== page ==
Here are three key observations from the report.
One, for misinformation narratives tracked by the project using Twitter’s API, YouTube was linked to more than any other platform. For tweets containing links to misinformation, YouTube ranked third among all domains, behind Gateway Pundit and Breitbart. Researchers tracked 21 separate incidents, generating nearly 270,000 retweets, that pointed to YouTube. The next-highest ranking platform, at 17th, was Periscope; Facebook does not appear on the list.
This finding speaks to the way YouTube serves as a powerful library for hoaxes and conspiracy content, which can continuously be resurfaced on Twitter, Facebook, and other platforms via what the report calls “repeat spreaders” like Trump and his sons.
“It was kind of a place for misinformation to hide and be remobilized later,” said Kate Starbird, an associate professor and co-founder of UW’s Center for an Informed Public, in a response to my question during Wednesday’s event. “From our view, it was a core piece of the repeat spreading phenomenon, and a huge piece of the cross-platform disinformation spread.”
YouTube disputes this conclusion and says its rank on this chart is more of a reflection of the site’s popularity in general than a comment on the accuracy of the information found there. Other sites, including The Washington Post, ranked high on the list because they contained information debunking false claims rather than advancing them. “In fact, the most-viewed election-related content channels are from news channels like NBC and CBS,” YouTube spokesman Farshad Shadloo told me.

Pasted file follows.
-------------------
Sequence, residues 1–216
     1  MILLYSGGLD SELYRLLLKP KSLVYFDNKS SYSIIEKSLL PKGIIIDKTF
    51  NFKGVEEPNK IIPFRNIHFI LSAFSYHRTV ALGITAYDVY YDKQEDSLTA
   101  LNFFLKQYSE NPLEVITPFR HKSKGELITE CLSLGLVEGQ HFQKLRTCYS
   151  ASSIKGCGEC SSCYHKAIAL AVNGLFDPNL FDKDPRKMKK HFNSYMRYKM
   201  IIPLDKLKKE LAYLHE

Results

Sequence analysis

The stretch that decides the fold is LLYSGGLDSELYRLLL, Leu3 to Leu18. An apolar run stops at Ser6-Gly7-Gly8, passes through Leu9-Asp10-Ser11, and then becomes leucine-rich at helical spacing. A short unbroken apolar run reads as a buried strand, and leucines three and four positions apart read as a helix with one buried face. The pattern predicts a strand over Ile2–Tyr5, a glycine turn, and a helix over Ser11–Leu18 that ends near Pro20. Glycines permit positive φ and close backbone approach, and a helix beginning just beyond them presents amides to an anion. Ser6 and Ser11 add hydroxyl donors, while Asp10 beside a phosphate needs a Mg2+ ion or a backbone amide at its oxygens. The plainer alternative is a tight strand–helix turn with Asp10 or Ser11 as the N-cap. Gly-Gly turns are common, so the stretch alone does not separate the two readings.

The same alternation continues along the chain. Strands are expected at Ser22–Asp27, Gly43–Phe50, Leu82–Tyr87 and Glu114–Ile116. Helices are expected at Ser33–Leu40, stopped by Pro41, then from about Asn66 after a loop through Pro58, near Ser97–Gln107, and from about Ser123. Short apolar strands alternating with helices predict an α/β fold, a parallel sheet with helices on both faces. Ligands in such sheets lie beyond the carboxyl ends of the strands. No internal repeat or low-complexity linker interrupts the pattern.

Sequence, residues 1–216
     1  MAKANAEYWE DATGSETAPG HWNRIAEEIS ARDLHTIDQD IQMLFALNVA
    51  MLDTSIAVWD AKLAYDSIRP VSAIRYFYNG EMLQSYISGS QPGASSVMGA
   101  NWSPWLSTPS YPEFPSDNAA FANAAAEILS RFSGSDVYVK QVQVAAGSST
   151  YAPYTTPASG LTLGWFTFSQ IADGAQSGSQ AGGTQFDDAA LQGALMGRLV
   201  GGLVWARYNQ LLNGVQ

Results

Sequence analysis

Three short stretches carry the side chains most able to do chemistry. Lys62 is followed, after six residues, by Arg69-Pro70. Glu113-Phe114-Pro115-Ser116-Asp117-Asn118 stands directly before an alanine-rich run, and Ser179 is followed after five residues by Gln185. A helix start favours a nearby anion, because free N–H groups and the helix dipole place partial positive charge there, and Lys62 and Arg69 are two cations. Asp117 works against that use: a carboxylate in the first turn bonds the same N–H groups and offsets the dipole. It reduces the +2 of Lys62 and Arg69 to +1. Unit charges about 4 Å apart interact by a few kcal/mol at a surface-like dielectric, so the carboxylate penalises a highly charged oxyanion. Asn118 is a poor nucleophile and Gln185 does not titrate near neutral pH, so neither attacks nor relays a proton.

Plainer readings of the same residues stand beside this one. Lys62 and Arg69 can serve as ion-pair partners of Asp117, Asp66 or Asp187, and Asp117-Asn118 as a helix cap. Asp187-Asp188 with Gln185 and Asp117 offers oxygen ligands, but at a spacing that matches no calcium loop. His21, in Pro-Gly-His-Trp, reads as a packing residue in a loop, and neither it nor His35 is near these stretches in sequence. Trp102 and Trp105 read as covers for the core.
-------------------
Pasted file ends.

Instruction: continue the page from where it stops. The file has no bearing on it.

Two, YouTube’s library of misinformation was enabled by policies that tended to be more permissive than similar ones from Facebook and Twitter. An analysis of platform policies leading up to the election found that in August 2020, YouTube failed to adopt comprehensive policies related to misinformation about how to vote, incitements to voter fraud, or efforts to delegitimize election results. By the end of October, the only significant change YouTube made was to adopt a comprehensive policy about voting procedures, researchers said.
Meanwhile, Facebook, Twitter, and TikTok all implemented comprehensive policies designed to thwart efforts to delegitimize the election. (In fairness to YouTube, the report’s policy analysis still ranked it above NextDoor and Snapchat, which were found not to have adopted comprehensive policies in any of these areas.)
“YouTube lagged in terms of their implementation,” said Carly Miller, a research analyst at Stanford. “Things were able to propagate on the platform because of that.”
YouTube disagrees with this conclusion as well and sent me a long list of policy changes it had made over the past year, including some that were copied by its peers. “As we’ve publicly discussed, we don’t agree with EIP’s framing of our policies or our efforts,” Shadloo told me. “Our community guidelines are generally on par with other companies and we launched several products in 2018 and 2019 to raise authoritative content and reduce borderline videos on our site.”
Finally, the report found that every platform struggled to moderate live video in particular. Some videos containing lies about the election attracted millions of views before they received so much as a label.
“All platforms struggle with labeling,” said Nicole Buckley, a research analyst at UW. “But in particular YouTube had issues with adapting to embedding labels in new forms … of content sharing.”
Ultimately, the EIP reached very different conclusions about YouTube’s performance in the 2020 election than YouTube itself did.
“This is a cross-platform, cross-media set of issues where each part of the ecosystem is leveraged in a different way,” Shadloo said, echoing a conclusion drawn by the EIP researchers. “No two platforms face the exact same challenges, and … interventions that make sense for one may not for another.”
On that point, YouTube and the EIP agree. But for the most part, I have the same concerns about the platform that I had in November.
This column was co-published with Platformer, a daily newsletter about Big Tech and democracy.